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De Léim Thar Teorainn
éamas Ó Catháin
3 sa stoc
De Leim thar Teorainn [“Jumping the Border”] is an engaging account of his experience – as a child and as a young man – in three distinctive cultures, now radically changed. He describes the Tyrone of the 1940s and 1950s where Protestant and Catholic neighbours shared their lives at a personal level, but where institutions were divisive. His father’s prosperous business was ruined because of a political event he supported. The schools and the curriculum were dividers of the two communities. The border was a nuisance to everyone. As a post-graduate student in the 1960s, he took up residence in the Donegal Gaeltacht of “Na Cruacha”, where “real old Irish” was still spoken. He did a study of the area’s place names, and recorded the distinctive music and speech of “Na Cruacha”. Shortly afterwards his research took him to the far north of Europe, to Sapmi (known as Lapland), a cultural rather than a political territory which spreads over four countries, and where he immersed himself in the culture and language of the Sami people at a time when their native language and customs were under threat and belittled. Seamas’s many international distinctions and awards include: Knight (First Class) of the Order of the Lion of Finland; the Dag Stromback Prize of the Gustavus Adolphus Academy, Uppsala, Sweden; and the Ruth Michaela-Jena Ratcliff Prize, Edinburgh. He is an honorary member of the Finnish Kalevala Society; a member of the Folklore Fellows of the Finnish Academy of Sciences, Helsinki; and a sometime member of the Advisory Board of the Research Institute of Irish and Scottish Studies at the University of Aberdeen.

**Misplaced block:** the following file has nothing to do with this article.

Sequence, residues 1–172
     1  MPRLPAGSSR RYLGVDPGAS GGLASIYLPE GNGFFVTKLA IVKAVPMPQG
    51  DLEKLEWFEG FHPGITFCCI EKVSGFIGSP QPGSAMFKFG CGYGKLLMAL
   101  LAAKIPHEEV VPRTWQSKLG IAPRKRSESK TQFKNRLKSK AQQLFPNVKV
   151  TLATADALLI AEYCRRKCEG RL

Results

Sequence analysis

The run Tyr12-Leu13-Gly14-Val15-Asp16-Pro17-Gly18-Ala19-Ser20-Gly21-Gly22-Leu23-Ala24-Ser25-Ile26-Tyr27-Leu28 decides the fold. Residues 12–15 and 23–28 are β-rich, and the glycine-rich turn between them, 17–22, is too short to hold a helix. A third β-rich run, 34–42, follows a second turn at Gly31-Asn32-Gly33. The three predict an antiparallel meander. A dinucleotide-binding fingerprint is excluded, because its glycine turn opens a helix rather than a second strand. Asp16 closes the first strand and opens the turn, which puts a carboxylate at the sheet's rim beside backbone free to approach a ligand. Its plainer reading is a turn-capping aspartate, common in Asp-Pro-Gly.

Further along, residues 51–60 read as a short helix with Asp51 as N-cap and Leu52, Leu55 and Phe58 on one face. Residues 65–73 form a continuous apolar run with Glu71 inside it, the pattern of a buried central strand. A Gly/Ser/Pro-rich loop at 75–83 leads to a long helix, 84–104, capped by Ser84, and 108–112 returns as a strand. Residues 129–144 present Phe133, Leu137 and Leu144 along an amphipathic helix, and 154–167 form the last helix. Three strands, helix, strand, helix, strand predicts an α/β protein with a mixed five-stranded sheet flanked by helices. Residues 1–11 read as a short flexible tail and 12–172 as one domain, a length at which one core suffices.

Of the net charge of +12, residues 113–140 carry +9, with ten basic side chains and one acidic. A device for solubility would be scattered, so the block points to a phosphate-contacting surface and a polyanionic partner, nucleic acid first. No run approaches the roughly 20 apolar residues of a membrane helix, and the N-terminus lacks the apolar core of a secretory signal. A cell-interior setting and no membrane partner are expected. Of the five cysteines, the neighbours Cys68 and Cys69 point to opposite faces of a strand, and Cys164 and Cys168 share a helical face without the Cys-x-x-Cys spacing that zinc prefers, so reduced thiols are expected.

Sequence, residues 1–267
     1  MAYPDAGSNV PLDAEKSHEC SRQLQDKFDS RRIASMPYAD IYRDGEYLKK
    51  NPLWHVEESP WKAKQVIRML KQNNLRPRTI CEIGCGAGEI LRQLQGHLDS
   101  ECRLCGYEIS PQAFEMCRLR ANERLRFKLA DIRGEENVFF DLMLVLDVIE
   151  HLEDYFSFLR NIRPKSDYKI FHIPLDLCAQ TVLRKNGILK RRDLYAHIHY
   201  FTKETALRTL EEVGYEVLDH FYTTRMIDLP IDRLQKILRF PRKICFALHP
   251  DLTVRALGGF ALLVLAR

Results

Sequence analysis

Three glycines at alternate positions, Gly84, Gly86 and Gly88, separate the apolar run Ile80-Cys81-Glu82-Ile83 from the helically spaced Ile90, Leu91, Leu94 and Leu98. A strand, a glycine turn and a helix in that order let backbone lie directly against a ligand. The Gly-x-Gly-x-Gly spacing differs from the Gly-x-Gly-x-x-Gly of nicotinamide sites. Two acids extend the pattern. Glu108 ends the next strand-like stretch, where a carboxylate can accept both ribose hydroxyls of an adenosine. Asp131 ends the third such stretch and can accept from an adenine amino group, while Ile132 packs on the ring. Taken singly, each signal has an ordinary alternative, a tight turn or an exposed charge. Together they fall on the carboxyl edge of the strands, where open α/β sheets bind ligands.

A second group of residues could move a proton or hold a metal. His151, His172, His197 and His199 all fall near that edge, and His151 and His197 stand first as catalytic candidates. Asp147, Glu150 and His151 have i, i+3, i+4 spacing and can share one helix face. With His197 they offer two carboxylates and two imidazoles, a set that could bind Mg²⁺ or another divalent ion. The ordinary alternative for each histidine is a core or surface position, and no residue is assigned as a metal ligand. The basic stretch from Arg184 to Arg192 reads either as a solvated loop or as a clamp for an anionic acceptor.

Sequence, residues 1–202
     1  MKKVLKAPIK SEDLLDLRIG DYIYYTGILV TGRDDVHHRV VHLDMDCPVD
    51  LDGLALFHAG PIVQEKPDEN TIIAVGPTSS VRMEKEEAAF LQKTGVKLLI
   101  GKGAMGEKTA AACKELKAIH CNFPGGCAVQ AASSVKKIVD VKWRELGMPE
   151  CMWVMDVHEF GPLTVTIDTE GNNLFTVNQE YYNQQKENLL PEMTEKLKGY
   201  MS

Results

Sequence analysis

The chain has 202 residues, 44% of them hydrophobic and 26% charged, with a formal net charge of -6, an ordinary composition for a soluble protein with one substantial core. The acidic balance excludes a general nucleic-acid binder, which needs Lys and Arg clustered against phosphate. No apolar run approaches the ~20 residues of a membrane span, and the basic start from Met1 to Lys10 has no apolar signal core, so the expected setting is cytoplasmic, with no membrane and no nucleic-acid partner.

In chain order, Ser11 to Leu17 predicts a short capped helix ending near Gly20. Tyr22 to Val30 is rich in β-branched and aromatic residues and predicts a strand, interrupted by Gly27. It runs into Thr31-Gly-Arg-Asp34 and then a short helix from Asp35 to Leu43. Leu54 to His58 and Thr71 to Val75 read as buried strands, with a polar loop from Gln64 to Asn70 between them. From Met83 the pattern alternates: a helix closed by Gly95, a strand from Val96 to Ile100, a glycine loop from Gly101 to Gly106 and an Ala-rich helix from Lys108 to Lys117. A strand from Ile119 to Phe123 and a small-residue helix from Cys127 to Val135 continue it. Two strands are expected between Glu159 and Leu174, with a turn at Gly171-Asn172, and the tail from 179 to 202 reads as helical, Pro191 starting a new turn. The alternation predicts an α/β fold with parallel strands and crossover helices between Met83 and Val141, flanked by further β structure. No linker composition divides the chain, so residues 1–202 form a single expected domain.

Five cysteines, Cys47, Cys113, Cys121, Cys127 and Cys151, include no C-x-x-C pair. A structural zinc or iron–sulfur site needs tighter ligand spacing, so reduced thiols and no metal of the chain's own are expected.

|Toisí||215 × 138 × 12 mm|